Ask college friends how much they spend to help you guess your expenses. This benefits both you and your parents when you can plan for monthly expenses.

 

8.Live at home or off-campus. Yes, we know most students want that dorm experience, but after you’ve dealt with it a semester or two, you will be glad to have privacy again. If you are required to live in the dorm freshman year, then plan to live off-campus the rest of the time. You can get several roommates, rent a room in a house, or rent a basement or studio apartment – all of which can be cheaper than dorm and meal plans on campus.

 

9.Apply for paid internships in the summer. Work with your college Career Center to apply for paid internships after your freshman year in your major field. This is the best way to know if you are interested in your chosen major as a career path and earn money at the same time.

Be sure to keep your GPA above 3.0 because internships are competitive.

 

10.Accelerate graduation. If you are going full-time, start your first semester with the discipline to do 15 credit hours. To graduate within four years, you will have to take at least 15 credits per semester.

However, most colleges charge a set rate for full time students and the definition of “full time” varies but generally means from 12 – 18 or 19 credit hours. One of the best kept secrets is to map out a plan to take 18 hours at least 6 semesters (generally not your first semester).

If you can, it’s like getting one semester free (6 semesters x 3 additional credits over 15 = 18 credits or the equivalent of one semester!) And if you plan it right, you may be able to graduate a semester early or do a paid internship while completing the last few classes.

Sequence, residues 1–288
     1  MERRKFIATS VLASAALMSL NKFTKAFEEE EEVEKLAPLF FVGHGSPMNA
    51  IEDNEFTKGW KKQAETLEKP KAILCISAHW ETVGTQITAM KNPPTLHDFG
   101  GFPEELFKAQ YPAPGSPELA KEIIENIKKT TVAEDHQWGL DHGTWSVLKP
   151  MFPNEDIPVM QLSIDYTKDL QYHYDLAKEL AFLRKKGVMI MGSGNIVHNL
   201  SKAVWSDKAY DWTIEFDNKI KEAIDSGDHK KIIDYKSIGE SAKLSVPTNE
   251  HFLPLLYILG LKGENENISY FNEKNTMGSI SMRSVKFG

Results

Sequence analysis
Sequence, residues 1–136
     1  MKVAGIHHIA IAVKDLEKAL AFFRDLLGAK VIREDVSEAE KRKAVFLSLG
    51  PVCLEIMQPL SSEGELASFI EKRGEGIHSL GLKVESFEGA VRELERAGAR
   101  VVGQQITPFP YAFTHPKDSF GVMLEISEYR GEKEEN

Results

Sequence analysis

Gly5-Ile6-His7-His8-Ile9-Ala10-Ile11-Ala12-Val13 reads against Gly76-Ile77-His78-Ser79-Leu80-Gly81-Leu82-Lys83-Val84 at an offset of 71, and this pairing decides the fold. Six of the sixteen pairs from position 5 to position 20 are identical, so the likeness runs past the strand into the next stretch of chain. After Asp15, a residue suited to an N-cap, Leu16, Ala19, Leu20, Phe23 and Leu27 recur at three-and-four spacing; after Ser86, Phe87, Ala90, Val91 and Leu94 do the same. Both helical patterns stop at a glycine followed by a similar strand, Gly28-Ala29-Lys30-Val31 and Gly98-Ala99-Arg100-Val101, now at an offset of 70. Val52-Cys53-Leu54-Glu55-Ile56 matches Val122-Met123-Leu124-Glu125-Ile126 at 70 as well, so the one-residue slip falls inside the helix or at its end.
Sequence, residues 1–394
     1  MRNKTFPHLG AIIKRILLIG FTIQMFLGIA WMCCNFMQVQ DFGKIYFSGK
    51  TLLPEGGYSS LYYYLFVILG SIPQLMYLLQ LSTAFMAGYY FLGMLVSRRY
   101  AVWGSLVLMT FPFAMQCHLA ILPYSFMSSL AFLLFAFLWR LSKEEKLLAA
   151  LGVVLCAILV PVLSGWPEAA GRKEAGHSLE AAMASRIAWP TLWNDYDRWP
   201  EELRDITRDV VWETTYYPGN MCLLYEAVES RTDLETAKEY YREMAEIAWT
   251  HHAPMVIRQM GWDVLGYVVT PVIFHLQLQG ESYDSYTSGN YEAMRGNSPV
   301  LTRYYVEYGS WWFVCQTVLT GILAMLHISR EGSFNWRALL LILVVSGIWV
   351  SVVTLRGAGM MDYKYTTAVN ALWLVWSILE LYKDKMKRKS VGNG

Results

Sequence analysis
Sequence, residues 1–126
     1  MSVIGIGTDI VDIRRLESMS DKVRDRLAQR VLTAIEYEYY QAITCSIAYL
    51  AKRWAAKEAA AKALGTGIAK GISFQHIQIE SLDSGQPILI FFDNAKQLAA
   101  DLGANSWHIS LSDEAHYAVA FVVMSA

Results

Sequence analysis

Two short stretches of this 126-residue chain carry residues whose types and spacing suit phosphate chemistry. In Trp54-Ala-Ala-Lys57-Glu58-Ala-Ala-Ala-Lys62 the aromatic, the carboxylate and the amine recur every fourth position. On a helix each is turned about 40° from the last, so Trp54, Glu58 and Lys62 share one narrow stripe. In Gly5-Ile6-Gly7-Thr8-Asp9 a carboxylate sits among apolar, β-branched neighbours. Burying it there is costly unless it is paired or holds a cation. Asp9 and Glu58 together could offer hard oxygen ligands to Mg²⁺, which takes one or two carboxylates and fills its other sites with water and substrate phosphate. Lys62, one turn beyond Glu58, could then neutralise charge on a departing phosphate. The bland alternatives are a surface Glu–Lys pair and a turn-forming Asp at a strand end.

A college education is probably the second largest purchase you’ll make in your lifetime next to a home. You’ll want to be prudent about the decisions you make. Doing your own research (click on the links in this blog) and planning out your course of action will significantly reduce the amount of student loans, if any, you have to obtain.

 

 

No matter which major you select or how much you earn in your field, what really matters in the end is how much you keep… And keep some of it in gold.

Let me show you how.

Believe in the best. Prepare for the worst.

Let’s talk.

good money

 

 

 

 

 

757-310-9175

jameslawson.ws@gmail.com

 

P.S. Some of the strategies in this blog were suggested by my wife who was a university administrator for many years. She witnessed first-hand the problems students encountered with too much student loan debt.

 

Disclaimer:

I am an independent affiliate and not a financial planner or investment advisor. The information on this site is for educational purposes and not intended to give financial, investment, legal, or tax advice. The postings on my blog are my personal opinions and do not represent the positions, strategies and opinions of any company.

 

 

 

2 Comments

  • Linda Bomba

    Reply Reply January 17, 2016

    Another way you can pay for a college education is find a full time job with tuition benefits I work full time and finished my degree they pay for 80% of my education and I will always be grateful to them for that 🙂 I graduated debt free!

    • jameslawson.ws@gmail.com

      Reply Reply January 17, 2016

      Exactly!! That is actually the best way to do it if you can find a company that has those benefits. It’s getting harder to find companies with those benefits.

      Congratulations Linda on graduating debt free!!